Word walls are alphabetized collections of words posted in the classroom that students can refer to when they are reading and writing and for word-study activities.  Words for the word wall can be written on large sheets of butcher paper or on cards displayed in pocket charts, and they are often written in alphabetical orders so that students can locate the words more easily.


There are three types of word walls:  One type is a high-frequency word wall, and primary teachers post the 100 higher-frequency words on this word wall (Cunningham, 2000).  A second type of word wall is a content-area word wall, and teachers and students write important words related to the unit on the word wall.  A third type of word wall is a literature word wall, and teachers and students write interesting, confusing, and important words from the story they are reading.  A literature word wall for Sarah, Plain and Tall  (MacLachlan, 1983) is shown in Figure 18.  The three types of word walls should be posted separately in the classroom because if the words are mixed, students will have difficulty categorizing the words.


The steps in using a literature word wall are:


1.                  Prepare the word wall.  Teachers hang a long sheet of butcher paper on a blank wall in the classroom and divide it into alphabetical categories.  Or, teachers can display a large pocket chart on a classroom wall and prepare a stack of cards on which to write the words.  Then they add the title of the book students are reading at the top of the word wall.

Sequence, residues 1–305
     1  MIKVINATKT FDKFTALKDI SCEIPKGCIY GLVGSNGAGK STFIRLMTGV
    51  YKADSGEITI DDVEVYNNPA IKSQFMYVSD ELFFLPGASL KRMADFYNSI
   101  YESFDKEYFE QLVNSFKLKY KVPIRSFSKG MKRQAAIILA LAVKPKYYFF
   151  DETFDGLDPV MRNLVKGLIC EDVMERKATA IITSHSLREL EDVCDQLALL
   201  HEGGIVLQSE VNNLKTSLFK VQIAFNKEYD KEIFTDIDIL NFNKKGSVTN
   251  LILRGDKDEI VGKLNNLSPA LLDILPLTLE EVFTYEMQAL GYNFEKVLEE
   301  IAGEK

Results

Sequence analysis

2.                  Introduce the word wall.  Teachers introduce the word wall and add character names and other several key words during preparing activities before reading.

3.                  Add words to the word wall.  After reading a picture book or after reading each chapter of a chapter book, students suggest additional “important” words for the word wall.  Students and the teacher write the words in alphabetical categories on the butcher paper or on word cards, making sure to write large enough so that most students can see the words.  Or, if a pocket chart is being used, students arrange the word cards in alphabetical order.

4.                  use the word wall for exploring activities.  Students use the word wall words for a variety of vocabulary activities, such as word sorts and story maps.  Students also refer to the word wall when they are writing in reading logs or working on projects.


For other types of word walls, teachers follow a similar approach to post words on the word walls and highlight the words through various activities.